Obama Administration Issues Final Arctic Drilling Regulation — Update

By Amy Harder 
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WASHINGTON — The U.S. Interior Department on Thursday issued final regulations governing future oil and natural-gas drilling in the Arctic Ocean that will require extensive contingency plans to ensure companies could swiftly contain any potential oil spill.

The regulations for the frigid, isolated offshore region were first proposed in February 2015. No companies are currently trying to tap oil or gas in the area and, because of a protracted slump in oil prices around the world, none have any immediate plans to do so.

Last September, Royal Dutch Shell PLC abandoned its $7 billion plan to drill in the Chukchi and Beaufort Seas off Alaska’s northern coasts after finding just trace results of oil and gas in an exploratory well it drilled last summer. That venture was among the company’s largest, most high-profile and expensive exploration projects. ConocoPhillips and Statoil ASA also recently abandoned leases they had owned in the Arctic.

Energy industry executives have cited a mix of low oil prices and protracted regulatory processes as reasons for not pursuing Arctic drilling. Global crude oil prices have been hovering between $40 and $50 a barrel for the past couple months, after hitting a low around $30 a barrel earlier this year, according to federal data. Oil traded over $100 a barrel in 2013 and 2014.

The new Arctic regulation aims to put in place much of what Shell had already committed to doing when it drilled in the area last summer, including having an additional rig on hand that could drill a relief well in case the company lost control of its primary well and having the ability to construct a containment dome that could be used in case of a spill.

“The unique Arctic environment raises substantial operational challenges, ” said Abigail Ross Hopper, director of the Interior Department’s Bureau of Ocean Energy Management. “These new regulations are carefully tailored to ensure that any future exploration activities will be conducted in a way that respects and protects this incredible ecosystem and the Alaska Native subsistence activities that depend on its preservation.”

If and when companies do pursue Arctic drilling, complying with the rule would probably be expensive. The government estimates the rule could cost the industry $2 billion over 10 years.

The new Arctic drilling regulation is the latest in a series of rules the Interior Department has pushed in the past several months as it tries to make drilling on federal lands and in federal waters safer and better for the environment.

In April, the department issued a final rule requiring new standards for well-control equipment. That regulation was prompted by the 2010 Deepwater Horizon rig explosion in the Gulf of Mexico, which killed 11 workers and caused the biggest offshore oil spill in U.S. history. Last year, the department issued stricter standards for hydraulic fracturing of wells on public land, though a federal court in June struck them down, saying the administration didn’t have the authority to issue such rules.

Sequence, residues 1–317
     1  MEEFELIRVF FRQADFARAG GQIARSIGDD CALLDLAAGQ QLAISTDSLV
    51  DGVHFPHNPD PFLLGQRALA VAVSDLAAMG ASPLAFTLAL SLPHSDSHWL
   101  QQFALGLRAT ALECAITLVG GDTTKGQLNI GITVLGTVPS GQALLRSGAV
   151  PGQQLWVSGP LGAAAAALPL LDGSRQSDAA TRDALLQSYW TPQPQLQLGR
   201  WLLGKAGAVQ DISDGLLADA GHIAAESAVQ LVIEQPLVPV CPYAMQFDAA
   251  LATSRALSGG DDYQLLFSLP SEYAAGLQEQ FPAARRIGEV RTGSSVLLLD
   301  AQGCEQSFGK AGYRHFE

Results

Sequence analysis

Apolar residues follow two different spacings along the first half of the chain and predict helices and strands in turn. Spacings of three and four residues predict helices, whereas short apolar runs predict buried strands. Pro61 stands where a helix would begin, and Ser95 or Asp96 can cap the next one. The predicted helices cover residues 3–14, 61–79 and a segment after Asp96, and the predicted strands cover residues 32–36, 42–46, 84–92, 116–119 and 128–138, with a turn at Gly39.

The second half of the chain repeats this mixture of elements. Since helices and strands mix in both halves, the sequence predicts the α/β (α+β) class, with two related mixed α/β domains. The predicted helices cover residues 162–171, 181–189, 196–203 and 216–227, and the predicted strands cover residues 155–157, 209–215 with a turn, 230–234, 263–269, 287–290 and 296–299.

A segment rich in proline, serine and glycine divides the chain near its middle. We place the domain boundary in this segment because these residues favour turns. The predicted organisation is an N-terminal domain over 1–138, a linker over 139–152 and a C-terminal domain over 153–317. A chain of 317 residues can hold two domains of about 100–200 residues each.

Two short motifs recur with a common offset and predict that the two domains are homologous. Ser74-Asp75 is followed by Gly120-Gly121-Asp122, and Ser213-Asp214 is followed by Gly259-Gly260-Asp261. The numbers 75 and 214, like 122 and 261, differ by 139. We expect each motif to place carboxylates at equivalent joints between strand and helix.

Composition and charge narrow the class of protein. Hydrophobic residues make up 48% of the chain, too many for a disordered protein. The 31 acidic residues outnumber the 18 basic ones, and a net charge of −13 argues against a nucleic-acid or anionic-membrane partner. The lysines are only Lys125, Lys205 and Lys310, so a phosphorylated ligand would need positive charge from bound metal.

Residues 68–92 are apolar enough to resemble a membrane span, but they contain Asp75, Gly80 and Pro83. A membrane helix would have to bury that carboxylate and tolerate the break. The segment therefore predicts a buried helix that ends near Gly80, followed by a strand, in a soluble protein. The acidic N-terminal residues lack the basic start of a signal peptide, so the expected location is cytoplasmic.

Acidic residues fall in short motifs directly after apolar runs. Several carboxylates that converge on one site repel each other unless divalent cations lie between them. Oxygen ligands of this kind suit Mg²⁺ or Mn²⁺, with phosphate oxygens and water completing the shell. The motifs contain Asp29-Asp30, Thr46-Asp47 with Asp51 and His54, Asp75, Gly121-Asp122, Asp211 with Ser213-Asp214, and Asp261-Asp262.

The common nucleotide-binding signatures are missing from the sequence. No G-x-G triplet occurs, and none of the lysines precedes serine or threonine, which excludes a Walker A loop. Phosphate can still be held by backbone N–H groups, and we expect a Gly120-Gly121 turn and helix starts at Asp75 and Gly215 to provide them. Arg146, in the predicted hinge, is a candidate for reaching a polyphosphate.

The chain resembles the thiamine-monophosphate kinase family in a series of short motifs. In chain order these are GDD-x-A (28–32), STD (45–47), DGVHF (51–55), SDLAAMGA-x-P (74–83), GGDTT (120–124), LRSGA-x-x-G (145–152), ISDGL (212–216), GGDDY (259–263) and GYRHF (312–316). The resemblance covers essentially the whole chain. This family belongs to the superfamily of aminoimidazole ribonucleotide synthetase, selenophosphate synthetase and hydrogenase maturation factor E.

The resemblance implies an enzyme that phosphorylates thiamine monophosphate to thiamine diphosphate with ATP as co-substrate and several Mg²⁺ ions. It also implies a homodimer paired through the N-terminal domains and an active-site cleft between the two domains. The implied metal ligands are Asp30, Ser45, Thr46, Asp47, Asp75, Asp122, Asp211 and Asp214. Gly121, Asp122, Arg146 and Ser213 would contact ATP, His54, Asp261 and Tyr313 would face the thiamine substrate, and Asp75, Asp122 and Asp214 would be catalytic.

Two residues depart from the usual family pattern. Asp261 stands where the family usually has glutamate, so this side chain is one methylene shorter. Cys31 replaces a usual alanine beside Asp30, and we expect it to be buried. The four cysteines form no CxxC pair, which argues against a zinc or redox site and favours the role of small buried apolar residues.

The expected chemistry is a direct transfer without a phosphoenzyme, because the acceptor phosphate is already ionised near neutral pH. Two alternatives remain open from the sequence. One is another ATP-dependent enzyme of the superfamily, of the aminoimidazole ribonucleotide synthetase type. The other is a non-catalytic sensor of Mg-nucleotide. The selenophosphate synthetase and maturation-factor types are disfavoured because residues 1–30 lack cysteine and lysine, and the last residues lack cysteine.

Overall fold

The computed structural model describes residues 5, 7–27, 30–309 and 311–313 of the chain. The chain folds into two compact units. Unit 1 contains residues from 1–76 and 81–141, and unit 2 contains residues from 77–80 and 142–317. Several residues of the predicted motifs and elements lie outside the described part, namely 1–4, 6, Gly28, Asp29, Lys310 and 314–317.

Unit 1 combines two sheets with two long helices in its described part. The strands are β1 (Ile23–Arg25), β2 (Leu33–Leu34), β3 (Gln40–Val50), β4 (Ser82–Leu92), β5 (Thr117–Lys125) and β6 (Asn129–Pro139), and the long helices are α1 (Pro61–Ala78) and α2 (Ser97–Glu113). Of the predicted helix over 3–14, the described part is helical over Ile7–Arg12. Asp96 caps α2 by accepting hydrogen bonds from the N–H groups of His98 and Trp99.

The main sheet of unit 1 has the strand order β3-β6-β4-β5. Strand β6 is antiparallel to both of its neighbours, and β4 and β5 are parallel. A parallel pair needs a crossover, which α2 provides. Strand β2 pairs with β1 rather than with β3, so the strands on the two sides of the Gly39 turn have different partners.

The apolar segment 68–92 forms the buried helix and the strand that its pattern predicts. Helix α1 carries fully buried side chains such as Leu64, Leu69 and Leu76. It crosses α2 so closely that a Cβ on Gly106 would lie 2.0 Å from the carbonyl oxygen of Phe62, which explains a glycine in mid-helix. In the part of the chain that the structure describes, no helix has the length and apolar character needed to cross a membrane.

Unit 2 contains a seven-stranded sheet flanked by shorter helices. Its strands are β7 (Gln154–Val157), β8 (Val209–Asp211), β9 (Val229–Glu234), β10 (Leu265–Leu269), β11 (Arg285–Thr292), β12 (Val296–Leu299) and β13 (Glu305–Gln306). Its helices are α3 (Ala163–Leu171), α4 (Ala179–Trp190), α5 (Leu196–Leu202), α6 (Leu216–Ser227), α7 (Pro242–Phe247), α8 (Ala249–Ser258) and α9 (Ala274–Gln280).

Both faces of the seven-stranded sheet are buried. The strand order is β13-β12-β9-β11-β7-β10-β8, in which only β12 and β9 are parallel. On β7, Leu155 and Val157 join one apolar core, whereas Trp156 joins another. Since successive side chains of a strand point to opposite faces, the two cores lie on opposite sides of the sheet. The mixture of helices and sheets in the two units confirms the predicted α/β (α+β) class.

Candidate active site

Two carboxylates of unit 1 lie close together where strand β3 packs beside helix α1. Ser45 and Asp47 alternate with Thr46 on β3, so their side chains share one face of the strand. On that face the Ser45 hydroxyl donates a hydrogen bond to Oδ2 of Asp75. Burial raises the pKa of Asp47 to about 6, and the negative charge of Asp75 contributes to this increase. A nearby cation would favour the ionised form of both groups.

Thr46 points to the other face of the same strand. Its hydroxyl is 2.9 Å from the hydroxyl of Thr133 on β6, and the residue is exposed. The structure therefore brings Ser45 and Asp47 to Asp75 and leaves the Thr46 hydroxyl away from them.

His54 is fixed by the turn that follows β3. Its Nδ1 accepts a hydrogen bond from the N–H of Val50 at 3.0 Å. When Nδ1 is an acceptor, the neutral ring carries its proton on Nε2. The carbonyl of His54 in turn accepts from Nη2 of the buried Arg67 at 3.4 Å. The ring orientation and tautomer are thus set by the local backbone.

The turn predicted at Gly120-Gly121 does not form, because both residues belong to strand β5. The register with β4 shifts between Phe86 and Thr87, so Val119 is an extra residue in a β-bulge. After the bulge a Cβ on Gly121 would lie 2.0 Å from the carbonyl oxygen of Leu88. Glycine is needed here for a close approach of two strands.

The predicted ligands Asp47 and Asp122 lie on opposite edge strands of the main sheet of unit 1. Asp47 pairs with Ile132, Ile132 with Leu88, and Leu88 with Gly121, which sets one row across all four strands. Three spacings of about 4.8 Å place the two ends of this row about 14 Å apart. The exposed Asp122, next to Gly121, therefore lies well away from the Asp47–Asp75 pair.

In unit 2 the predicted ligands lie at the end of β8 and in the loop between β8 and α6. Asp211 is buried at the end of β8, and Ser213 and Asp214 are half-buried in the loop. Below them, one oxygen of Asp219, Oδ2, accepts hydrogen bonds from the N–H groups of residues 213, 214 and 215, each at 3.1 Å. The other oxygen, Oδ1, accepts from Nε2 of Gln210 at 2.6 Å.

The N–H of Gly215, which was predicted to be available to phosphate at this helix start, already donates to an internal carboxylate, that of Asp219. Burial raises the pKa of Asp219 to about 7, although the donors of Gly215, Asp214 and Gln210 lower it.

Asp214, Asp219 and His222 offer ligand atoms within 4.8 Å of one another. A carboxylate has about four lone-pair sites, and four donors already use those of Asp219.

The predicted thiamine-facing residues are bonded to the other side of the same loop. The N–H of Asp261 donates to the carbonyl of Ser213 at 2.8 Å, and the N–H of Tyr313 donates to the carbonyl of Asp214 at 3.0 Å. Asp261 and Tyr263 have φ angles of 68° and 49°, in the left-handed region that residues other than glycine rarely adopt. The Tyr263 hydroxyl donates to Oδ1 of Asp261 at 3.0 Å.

In a departure from other rule-making, Interior officials didn’t offer a specific monetary benefit to the Arctic rule, saying instead that it is aimed at avoiding a low-probability but high-risk occurrence of a catastrophic oil spill.

“We did not quantify the benefits of the rule specifically because of the difficulty in doing that,” said Janice Schneider, assistant secretary for land and minerals management.

The Deepwater Horizon explosion and spill “demonstrated that even such a low probability events can have devastating human, economic and environmental results if they occur,” the rule states.

Industry groups criticized the rule, though with less stridency than they have other regulations that have a more immediate and direct impact on energy companies’ bottom lines.

“This is an unfortunate turn by this administration and will continue to stifle offshore oil and natural gas production,” said Erik Milito, a director with the American Petroleum Institute, the industry’s main lobbying group. “We remain concerned about various regulatory activities related to offshore energy development including today’s proposals for Arctic operations.”

Environmental groups praised the rule but also called on the Obama administration to stop forthcoming oil-lease sales planned for the Arctic Ocean between 2017 and 2022. The Interior Department in March issued a new offshore leasing plan which withdrew a planned lease-sale for the Atlantic Ocean but retained the option to offer three Arctic lease sales.

“The new rules should help lead to better choices by the government and companies in the future,” said Michael LeVine, senior counsel at Oceana, an environmental protection group.

Write to Amy Harder at amy.harder[a]wsj.com

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